Swiggy Interview Experience
This post is to share my interview experience with Swiggy for a Senior Software Engineer position in Bangalore(May 2019). I was initially contacted by a recruiting agency who co-ordinated the interview process.
Round 1 - HackerRank
The first round was a 2-hour HackerRank test, which I was supposed to complete in a week or two.
The first question involved using a
HashMap, and the second question involved
Graphs. (I don’t remember the exact
questions, sorry about that!). I would say the difficulty of the first question was that of a LC-easy, and took
about 10 minutes to solve. The difficulty of the second was that of an LC-Hard (or LC-Medium, if you are familiar
with graph algos), and took about 40 minutes for me to solve. After a day or two, I got a confirmation that I
cleared this round and was invited for a hiring drive that weekend.
Round 2 - Object-oriented design
I arrived in the Swiggy office for the F2F rounds on a Saturday morning at 9.30. I found that there were more than 60 people who were invited to interview. (I braced myself for a long, exhausting day 😛)
At around 10 AM, everyone was given a sheet of paper with requirements for designing and implementing a
. As you know, this is a pretty standard interview question to test OO skills. We were asked to code the solution on
our laptops which will then be reviewed during one of the rounds. If I remember correctly, we were given around 90
minutes to implement our solution. I feel that this round is a tactic employed to ensure that all
candidates are engaged at once, and don’t feel that they are being made to wait until they actually meet with an
Round-3 - Problem solving + Data Structures
The first F2F round was focused on problem-solving and coding. He started with the following:
Given an array, find the maximum possible sum, without choosing adjacent elements.
I initially gave him a recursive solution, and he asked to write down the recurrence relation on paper. We then talked about the time and space complexity of the solution, and how to optimize it through DP. However, I was not asked to code the solution.
He then extended the same for a binary tree and came up with the following question:
Given a binary tree, you cannot choose elements at successive levels (If a certain node is chosen, you cannot choose
With some thought, I was able to write a recursive function to solve the problem. He reviewed it for a moment and seemed satisfied with the solution. He also mentioned that I was the first candidate to solve the problem that day. The interviewer was in the middle of a production issue, and was constantly interrupted by people pinging him. In spite of other things needing his attention, he was trying to help me solve the problems. Guess he was good at multi -tasking 😄 (Although I definitely felt sorry for him)
Round 4 - Low-level Design (LLD)
This round was with a more senior engineer, and was focused on low-level design (LLD). I was asked to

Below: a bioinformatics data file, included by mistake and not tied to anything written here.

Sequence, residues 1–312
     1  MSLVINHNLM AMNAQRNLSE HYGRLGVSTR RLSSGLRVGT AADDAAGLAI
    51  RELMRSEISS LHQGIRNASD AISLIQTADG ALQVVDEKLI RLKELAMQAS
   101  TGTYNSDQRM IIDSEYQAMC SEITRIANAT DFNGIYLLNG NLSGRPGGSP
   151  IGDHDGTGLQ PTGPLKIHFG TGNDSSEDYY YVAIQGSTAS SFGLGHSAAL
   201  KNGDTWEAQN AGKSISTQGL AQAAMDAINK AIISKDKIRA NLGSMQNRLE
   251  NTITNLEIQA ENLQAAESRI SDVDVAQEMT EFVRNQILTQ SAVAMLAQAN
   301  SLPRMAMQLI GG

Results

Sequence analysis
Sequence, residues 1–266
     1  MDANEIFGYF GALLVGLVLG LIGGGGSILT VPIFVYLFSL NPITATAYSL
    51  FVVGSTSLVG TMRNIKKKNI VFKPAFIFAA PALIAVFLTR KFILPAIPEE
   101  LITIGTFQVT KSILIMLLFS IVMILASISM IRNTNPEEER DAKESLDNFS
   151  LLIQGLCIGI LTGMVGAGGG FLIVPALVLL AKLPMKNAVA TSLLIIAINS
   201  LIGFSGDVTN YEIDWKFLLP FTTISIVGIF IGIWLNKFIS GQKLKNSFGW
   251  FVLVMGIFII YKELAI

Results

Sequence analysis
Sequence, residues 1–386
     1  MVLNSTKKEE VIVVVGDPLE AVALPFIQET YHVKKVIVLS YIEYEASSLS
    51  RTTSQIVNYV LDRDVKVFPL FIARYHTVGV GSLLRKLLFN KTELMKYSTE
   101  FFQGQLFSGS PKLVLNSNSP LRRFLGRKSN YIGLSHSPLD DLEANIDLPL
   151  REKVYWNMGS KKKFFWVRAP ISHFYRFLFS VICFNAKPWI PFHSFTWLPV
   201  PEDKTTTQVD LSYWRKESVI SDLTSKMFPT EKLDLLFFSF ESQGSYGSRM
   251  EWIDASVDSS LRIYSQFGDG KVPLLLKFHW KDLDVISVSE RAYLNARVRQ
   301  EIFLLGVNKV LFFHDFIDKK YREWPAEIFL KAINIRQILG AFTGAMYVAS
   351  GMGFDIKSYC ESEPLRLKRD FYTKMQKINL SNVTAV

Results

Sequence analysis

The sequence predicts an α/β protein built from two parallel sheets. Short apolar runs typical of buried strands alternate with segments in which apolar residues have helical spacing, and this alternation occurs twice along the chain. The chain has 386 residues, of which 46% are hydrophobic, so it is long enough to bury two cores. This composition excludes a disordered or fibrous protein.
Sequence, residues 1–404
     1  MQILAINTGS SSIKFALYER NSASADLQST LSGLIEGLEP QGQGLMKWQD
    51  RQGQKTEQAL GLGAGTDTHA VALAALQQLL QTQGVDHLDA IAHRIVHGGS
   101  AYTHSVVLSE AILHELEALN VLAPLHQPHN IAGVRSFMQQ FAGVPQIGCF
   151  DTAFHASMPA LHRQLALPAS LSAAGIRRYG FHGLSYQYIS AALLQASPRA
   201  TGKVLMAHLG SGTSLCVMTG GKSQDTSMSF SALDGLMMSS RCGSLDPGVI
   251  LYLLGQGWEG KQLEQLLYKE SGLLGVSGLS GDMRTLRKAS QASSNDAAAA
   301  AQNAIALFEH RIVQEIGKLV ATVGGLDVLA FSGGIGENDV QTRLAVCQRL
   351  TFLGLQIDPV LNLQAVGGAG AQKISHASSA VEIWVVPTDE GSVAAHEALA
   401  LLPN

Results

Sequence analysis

design a pub-sub
system(like kafka) without persistence.
The question was open ended, and he wanted me to expose the right interfaces and design the classes appropriately.
I decided(after taking many hints from the interviewer) to implement 2 functions:
subscribe (which takes the
topic_name, and a function
callback as param), and
publish(which takes the
params and invokes the registered callback). I also did not use the constructs available in Java8 like the
Consumer interface, that would’ve led to a much cleaner design.
It’s an understatement to say that I screwed up in this round. But if you had worked with libraries like RxJava, or had exposure to reactive/asynchronous programming, it would be relatively easier to solve such problems.
Round 5 (or 2.1) - Review of Object-oriented design solution
I would say this is an extension of Round-2, where an interviewer reviewed my code for the
Parking Lot problem. It
was pretty straight-forward - I used a whiteboard and walked him through the classes in my solution, and the
relationships between them. He asked a couple of
what-if questions, that tweaked the requirements a bit and I
spoke about what changes I would make to the design to accommodate the tweaks.
Round-5 turned out to be the last round of the day, and it took until 7 PM in the night to get that far. I also had to pester the recruiter to schedule each of the above mentioned rounds (I guess I may have completed only 1 or 2 rounds, if I had not done that). I was asked to visit the office the week after, for my final rounds. I had other things planned for the week, and I told the recruiter about my situation who mentioned that he would co-ordinate with the recruiting agency. Here’s where things got a bit murky - There was clearly some mis-communication from the recruiting agency who weren’t able to schedule the final rounds though I had informed them of my availability multiple times. What happened on the interview day (engineers firefighting, spending ~10 hours in the office for 3 rounds) gave me a taste of what working there would entail. I started to think if it will be a good fit for me, and wasn’t keen to continue after that. This interview didn’t have a happy ending for me 😄 But there is no questioning the calibre of the engineers there, everyone I met was smart, empathetic and had worked on some really cool things - I just wish the recruitment/interview process was as good.